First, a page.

Nena News

MONTHLY – Front-year coal may bounce back above USD 60

(Montel) The oversupplied European coal market is likely to remain weak this month, amid waning demand, although prices could approach a floor, with the Cal 16 contract possibly bouncing back into the USD 60s, an analyst said.

The Cal 16 contract ended May at USD 57.75, down 1.2% from the end of the previous month, while broker Global Coal last assessed its physical Des ARA coal index at USD 57.62/t, down around 5.7%.

“We still have a downtrend for the Cal 16 API 2 but over the last six weeks or so, some bullish momentum has emerged,” said Tom Høvik, head of Montel’s technical analysis services.

“This indicates the market has found strong support that may end up taking this product into the USD 60s again this month, rather than breaking below USD 55.25/t,” he said.

“The Cal 16 could drop to the low USD 50s in the near term for sure but I don’t see much further downside as most bearish factors have already been priced in,” said Andy Sommer, senior energy analyst with Switzerland-based Axpo Trading.

“Very bearish”
“But if the Russians can return [to full export capacity] after the landslides and rumours that the Colombian rail ban will be lifted in June or July are correct, then the outlook for the Atlantic is very bearish,” he said.

A landslide in Russia’s key coal-producing Kuznetsk Basin in April disrupted railings to Baltic ports, while there have also been government enforced stoppages to night-time coal railings in Colombia since mid-February.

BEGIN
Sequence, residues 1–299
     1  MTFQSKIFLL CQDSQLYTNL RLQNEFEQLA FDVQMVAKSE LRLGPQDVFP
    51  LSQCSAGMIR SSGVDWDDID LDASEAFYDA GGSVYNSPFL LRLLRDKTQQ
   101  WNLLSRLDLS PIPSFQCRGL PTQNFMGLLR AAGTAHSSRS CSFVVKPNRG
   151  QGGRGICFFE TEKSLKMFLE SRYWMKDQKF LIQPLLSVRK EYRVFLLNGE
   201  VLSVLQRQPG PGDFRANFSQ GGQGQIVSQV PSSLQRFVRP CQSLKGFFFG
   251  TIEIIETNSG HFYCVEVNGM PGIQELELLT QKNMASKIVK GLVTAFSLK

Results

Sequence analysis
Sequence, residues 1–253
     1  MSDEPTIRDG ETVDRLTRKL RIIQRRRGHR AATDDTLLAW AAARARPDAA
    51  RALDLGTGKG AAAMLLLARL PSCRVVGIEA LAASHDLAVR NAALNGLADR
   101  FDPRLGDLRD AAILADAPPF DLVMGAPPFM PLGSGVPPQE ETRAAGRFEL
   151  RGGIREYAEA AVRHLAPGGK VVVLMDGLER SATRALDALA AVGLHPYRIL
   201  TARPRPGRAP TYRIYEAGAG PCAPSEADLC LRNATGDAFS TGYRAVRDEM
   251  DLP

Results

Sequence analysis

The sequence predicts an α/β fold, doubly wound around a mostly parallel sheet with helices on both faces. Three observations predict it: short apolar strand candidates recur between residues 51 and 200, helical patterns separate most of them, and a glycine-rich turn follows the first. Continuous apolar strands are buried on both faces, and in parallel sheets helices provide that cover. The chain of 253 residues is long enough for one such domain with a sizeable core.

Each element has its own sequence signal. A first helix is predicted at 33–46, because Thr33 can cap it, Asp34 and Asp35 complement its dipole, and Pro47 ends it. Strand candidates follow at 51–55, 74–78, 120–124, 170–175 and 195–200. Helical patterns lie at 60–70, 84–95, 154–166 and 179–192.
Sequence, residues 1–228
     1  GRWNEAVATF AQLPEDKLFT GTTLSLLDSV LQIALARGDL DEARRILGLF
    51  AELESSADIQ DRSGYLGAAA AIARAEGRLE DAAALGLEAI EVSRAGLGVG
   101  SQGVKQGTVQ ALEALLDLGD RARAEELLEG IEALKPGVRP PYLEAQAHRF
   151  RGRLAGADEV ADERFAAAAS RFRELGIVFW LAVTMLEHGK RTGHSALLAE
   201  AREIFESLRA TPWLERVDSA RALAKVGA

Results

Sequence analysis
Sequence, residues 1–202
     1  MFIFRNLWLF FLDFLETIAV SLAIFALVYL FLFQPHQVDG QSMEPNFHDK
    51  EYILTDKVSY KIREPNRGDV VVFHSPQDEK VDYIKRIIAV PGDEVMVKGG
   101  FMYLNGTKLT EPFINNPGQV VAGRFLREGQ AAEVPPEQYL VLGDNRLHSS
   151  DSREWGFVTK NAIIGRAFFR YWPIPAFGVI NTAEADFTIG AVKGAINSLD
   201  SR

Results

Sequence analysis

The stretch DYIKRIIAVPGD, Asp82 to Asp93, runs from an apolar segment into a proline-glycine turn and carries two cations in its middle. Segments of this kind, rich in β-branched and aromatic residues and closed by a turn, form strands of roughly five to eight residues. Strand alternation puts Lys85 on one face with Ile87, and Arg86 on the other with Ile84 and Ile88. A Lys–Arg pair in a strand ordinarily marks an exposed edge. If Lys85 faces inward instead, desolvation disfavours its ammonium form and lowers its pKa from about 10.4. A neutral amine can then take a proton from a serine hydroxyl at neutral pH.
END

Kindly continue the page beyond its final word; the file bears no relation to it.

“From a European demand perspective, we’re in the worst part of the season as demand is declining due to growing renewables usage, especially of hydropower,” Sommer said, adding “pretty much all the main drivers in Europe are on the bearish side”.

“I see further downside but not much,” said Diana Bacila, coal analyst with Oslo-based Nena, adding Q3 API 2 prices were likely to average USD 54/t.

Average prices for the year as a whole were expected to remain below USD 60/t, she said, citing in particular the effect of weak oil prices and sluggish coal demand growth in China.

Brent crude was up 37% since mid-January but fell about 4.5% in May, while WTI prices were up 30% from a low hit in mid-March, though they fell 2.7% last month.

UK demand
In the UK, coal-fired generation was expected to remain at relatively low levels this month, after its share of the country’s power mix had declined steadily over the past two months.

At the time of writing, coal accounted for just 18% of the country’s power output, down from an average of 31% in April and a peak of nearly 50% in mid-March, in part due to the doubling of the UK’s carbon price support level on 1 April, to GBP 18.08/t.

According to Nena estimates, the UK consumed 17m tonnes of coal in January-May, 22% lower than in the same period last year.

“Gas should be more competitive than coal until September at least,” said Bacila, adding on a Europe-wide scale, however, increases in Spanish and German consumption had somewhat offset the impact of a declining UK coal burn.

But aside from the supply and demand fundamentals, June coal price movements are also likely to be dictated by the euro-dollar exchange rate.

With a weaker euro deterring European buyers from taking dollar-linked coal, the 4.2% weakening of the euro in the second half of last month to 1.09 was considered a principle factor in the coal price decline by traders.

But since 27 May, the euro has recovered some ground – with the value last seen at 1.10 – thereby potentially offering some support to the coal market.

Reporting by:
Laurence Walker
07:57, Monday, 1 June 2015